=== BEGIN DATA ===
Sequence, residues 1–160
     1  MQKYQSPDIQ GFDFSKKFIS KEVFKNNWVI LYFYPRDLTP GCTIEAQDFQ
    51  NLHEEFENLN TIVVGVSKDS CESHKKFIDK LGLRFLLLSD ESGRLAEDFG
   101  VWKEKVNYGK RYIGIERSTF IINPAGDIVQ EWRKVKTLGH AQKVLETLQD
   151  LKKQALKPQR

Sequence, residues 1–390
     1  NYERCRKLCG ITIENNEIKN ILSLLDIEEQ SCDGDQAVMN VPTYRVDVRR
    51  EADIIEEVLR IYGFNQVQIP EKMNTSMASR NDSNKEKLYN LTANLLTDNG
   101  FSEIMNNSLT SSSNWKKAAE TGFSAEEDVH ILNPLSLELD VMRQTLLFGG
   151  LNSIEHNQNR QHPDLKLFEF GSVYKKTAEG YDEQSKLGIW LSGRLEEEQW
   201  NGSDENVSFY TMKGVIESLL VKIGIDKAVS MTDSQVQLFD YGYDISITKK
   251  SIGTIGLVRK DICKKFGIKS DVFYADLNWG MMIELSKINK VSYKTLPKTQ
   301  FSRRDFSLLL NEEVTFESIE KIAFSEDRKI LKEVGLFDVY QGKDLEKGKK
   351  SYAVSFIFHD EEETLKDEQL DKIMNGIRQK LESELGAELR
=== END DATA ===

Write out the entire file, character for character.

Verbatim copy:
Sequence, residues 1–160
     1  MQKYQSPDIQ GFDFSKKFIS KEVFKNNWVI LYFYPRDLTP GCTIEAQDFQ
    51  NLHEEFENLN TIVVGVSKDS CESHKKFIDK LGLRFLLLSD ESGRLAEDFG
   101  VWKEKVNYGK RYIGIERSTF IINPAGDIVQ EWRKVKTLGH AQKVLETLQD
   151  LKKQALKPQR

Sequence, residues 1–390
     1  NYERCRKLCG ITIENNEIKN ILSLLDIEEQ SCDGDQAVMN VPTYRVDVRR
    51  EADIIEEVLR IYGFNQVQIP EKMNTSMASR NDSNKEKLYN LTANLLTDNG
   101  FSEIMNNSLT SSSNWKKAAE TGFSAEEDVH ILNPLSLELD VMRQTLLFGG
   151  LNSIEHNQNR QHPDLKLFEF GSVYKKTAEG YDEQSKLGIW LSGRLEEEQW
   201  NGSDENVSFY TMKGVIESLL VKIGIDKAVS MTDSQVQLFD YGYDISITKK
   251  SIGTIGLVRK DICKKFGIKS DVFYADLNWG MMIELSKINK VSYKTLPKTQ
   301  FSRRDFSLLL NEEVTFESIE KIAFSEDRKI LKEVGLFDVY QGKDLEKGKK
   351  SYAVSFIFHD EEETLKDEQL DKIMNGIRQK LESELGAELR